The United States Supreme Court has issued six new opinions.
In Arizona v. City and County of San Francisco, the court dismissed certiorari as improvidently granted.
Read the court's opinion at: https://www.supremecourt.gov/opinions/21pdf/20-1775_4425.pdf
In George v. McDonough, the court held that the invalidation of a Department of Veterans Affairs regulation after a veteran’s benefits decision becomes final cannot support a claim for collateral relief permitting revision of that decision based on “clear and unmistakable error” under 38 U. S. C. §§5109A and 7111.
Read the court's opinion at: https://www.supremecourt.gov/opinions/21pdf/21-234_2b8e.pdf
In American Hospital Assn. v. Becerra, the court held that the Medicare Prescription Drug, Improvement, and Modernization Act of 2003 does not preclude judicial review of the reimbursement rates set by the Department of Health and Human Services for certain outpatient prescription drugs that hospitals provide to Medicare patients; in this case, because HHS did not conduct a survey of hospitals’ acquisition costs in 2018 and 2019, its decision to vary reimbursement rates only for 340B hospitals in those years was unlawful.
Read the court's opinion at: https://www.supremecourt.gov/opinions/21pdf/20-1114_09m1.pdf
In Ysleta del Sur Pueblo v. Texas, the court held that the federal legislation at issue—the Ysleta del Sur and Alabama and Coushatta Indian Tribes of Texas Restoration Act—bans as a matter of federal law on tribal lands only those gaming activities also banned in Texas.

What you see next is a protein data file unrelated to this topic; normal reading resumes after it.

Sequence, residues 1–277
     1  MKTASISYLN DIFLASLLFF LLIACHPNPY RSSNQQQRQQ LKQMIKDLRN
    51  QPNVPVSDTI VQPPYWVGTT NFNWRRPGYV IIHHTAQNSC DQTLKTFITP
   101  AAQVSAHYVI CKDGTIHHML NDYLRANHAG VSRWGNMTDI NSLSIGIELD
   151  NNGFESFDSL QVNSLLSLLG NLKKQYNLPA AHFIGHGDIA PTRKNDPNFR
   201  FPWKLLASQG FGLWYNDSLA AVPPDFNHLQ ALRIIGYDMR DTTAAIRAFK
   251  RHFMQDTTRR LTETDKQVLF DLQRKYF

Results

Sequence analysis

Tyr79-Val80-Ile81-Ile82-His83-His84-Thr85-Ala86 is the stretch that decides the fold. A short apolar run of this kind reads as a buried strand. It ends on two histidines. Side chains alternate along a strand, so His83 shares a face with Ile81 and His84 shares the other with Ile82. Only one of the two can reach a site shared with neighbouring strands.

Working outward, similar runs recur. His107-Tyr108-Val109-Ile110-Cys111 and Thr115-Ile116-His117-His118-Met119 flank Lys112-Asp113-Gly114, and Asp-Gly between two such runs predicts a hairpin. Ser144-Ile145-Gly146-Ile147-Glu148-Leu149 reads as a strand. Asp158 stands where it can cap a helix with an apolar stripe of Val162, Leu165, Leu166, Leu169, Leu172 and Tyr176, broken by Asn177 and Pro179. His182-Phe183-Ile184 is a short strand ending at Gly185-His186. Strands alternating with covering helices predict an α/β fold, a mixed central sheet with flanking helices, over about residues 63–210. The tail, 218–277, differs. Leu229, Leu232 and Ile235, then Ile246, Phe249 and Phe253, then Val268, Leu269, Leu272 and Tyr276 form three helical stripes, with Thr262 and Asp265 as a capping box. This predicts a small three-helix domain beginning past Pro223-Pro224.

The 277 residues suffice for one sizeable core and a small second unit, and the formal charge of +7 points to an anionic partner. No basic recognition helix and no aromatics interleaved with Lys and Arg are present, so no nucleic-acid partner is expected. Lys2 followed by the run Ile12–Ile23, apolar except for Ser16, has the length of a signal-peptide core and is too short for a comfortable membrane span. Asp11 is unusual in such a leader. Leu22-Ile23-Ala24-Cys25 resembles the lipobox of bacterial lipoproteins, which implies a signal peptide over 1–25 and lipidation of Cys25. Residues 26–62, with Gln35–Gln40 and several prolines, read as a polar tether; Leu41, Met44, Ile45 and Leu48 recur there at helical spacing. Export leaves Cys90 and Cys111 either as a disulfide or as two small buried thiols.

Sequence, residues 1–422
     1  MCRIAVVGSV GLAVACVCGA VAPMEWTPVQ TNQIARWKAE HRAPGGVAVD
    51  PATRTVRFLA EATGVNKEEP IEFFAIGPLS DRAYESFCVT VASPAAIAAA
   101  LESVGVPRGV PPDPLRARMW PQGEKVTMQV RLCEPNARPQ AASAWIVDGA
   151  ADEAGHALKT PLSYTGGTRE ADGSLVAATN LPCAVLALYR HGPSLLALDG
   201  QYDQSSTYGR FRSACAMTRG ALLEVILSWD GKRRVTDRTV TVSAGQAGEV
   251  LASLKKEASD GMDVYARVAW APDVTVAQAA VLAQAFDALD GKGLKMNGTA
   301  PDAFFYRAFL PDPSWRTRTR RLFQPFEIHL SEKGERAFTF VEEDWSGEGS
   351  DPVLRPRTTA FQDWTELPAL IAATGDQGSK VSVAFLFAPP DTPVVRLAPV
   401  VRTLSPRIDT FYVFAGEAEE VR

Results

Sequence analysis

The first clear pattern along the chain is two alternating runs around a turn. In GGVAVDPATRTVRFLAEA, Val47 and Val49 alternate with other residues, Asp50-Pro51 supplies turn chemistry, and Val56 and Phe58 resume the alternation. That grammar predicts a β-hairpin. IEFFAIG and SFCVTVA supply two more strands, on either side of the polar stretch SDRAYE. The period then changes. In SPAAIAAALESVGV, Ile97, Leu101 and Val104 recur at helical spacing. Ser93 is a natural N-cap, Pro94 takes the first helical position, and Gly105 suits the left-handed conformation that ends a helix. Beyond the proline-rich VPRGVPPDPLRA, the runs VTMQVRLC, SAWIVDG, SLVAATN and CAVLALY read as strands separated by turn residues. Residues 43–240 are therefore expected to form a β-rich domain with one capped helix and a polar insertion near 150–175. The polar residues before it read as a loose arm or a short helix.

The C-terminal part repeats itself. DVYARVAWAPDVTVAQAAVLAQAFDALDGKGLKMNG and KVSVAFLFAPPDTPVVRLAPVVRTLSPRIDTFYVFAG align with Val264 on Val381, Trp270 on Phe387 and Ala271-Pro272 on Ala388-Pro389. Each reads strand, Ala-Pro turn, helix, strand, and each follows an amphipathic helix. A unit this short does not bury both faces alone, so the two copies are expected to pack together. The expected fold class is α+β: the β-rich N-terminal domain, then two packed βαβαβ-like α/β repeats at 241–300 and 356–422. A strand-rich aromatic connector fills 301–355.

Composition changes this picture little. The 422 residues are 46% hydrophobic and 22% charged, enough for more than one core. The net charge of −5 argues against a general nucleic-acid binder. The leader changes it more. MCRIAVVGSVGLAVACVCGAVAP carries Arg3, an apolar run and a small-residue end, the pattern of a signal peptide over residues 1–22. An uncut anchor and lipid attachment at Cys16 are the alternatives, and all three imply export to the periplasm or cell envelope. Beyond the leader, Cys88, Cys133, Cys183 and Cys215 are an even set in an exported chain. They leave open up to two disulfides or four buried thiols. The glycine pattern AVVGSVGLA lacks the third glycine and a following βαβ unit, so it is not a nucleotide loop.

Read the court's opinion at: https://www.supremecourt.gov/opinions/21pdf/20-493_jgko.pdf
In Golan v. Saada, the court held that a court is not categorically required to examine all possible ameliorative measures before denying a Hague Convention petition for return of a child to a foreign country once the court has found that return would expose the child to a grave risk of harm.
Read the court's opinion at: https://www.supremecourt.gov/opinions/21pdf/20-1034_b8dg.pdf
In Viking River Cruises, Inc. v. Moriana, the court held that the Federal Arbitration Act preempts a rule of California law that invalidates contractual waivers of the right to assert representative claims under “PAGA”—California’s Labor Code Private Attorneys General Act of 2004—insofar as that rule precludes division of PAGA actions into individual and non-individual claims through an agreement to arbitrate.
Read the court's opinion at: https://www.supremecourt.gov/opinions/21pdf/20-1573_8p6h.pdf